Finding a Home for Orphans: Google Book Search and Orphan Works Law in the United States and Europe

Type: Journal Article
Katharina de la Durantaye
This journal article argues that an international solution is needed to address the problem of orphan works, and suggests extended collective licensing as a possibility.
2011 March 15
The abstract provided by the author(s) of this work is as follows: The Google Books case and its proposed settlement have provoked heated debate. Objections to the settlement proposals have come from virtually all sides—from Google’s competitors to public interest organizations, state attorneys general, the U.S. Department of Justice, and even foreign countries such as France and Germany. While it is impossible to know what the terms of the final settlement will be, it is already clear that one of the settlement’s most important consequences will be how it changes the orphan works debate, both in the United States and in Europe. This Article argues that the Google Books case offers an unprecedented occasion to address the orphan works problem and to adopt a legislative solution that will promote desperately needed international harmonization of the law on this issue. The Article analyzes the framework that the Google Books settlement proposes as well as proposed legislative solutions in the United States and the European Union. It suggests a legislative solution which would be as effective as the one envisioned by the settlement but which would avoid the monopoly the settlement would create if approved. The most important element of that solution foresees the introduction of extended collective licenses.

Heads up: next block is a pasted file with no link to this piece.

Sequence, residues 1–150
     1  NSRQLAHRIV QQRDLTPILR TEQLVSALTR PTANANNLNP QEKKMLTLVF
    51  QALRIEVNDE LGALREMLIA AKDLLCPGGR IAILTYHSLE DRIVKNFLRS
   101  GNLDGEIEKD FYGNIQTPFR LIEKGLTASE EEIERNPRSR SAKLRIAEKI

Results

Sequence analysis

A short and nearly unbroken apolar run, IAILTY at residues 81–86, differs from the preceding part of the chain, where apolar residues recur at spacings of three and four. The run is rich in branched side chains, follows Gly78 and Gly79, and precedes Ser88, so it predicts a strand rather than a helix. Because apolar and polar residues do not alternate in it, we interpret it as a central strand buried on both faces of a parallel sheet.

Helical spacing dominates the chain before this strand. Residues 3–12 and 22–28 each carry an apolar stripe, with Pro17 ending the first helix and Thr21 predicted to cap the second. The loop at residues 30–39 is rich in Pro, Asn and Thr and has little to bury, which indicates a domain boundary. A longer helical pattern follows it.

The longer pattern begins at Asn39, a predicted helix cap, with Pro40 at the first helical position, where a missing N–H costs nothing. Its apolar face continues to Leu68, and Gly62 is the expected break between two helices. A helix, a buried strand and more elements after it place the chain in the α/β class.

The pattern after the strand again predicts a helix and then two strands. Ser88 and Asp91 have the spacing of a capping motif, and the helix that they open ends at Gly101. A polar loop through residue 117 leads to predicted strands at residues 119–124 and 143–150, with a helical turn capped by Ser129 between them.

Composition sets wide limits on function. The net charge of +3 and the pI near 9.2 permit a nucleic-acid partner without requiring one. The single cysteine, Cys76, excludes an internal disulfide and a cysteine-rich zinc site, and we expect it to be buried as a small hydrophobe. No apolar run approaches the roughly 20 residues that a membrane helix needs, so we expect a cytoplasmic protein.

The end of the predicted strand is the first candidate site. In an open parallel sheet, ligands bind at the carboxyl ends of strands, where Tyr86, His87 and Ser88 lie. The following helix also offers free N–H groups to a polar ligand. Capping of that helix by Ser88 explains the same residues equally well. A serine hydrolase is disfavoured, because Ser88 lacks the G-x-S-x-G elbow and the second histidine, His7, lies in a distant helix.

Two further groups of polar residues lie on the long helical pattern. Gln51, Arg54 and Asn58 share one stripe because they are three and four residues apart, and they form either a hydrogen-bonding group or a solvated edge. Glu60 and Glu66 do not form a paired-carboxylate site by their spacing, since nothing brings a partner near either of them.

Fordham University School of Law
Fordham University
Journal Title
Fordam Intellectual Property Media and Entertainment Law Journal
Issue Number
Pages (from-to)
229-291 pp.
United States, European Union
352 KB, 65 pp.
Copyright Information
In Copyright
Rights and Reuse
All Rights Reserved
Cortex Citation:
Katharina de la Durantaye, “Finding a Home for Orphans: Google Book Search and Orphan Works Law in the United States and Europe,” Copyright Cortex, accessed June 3, 2020,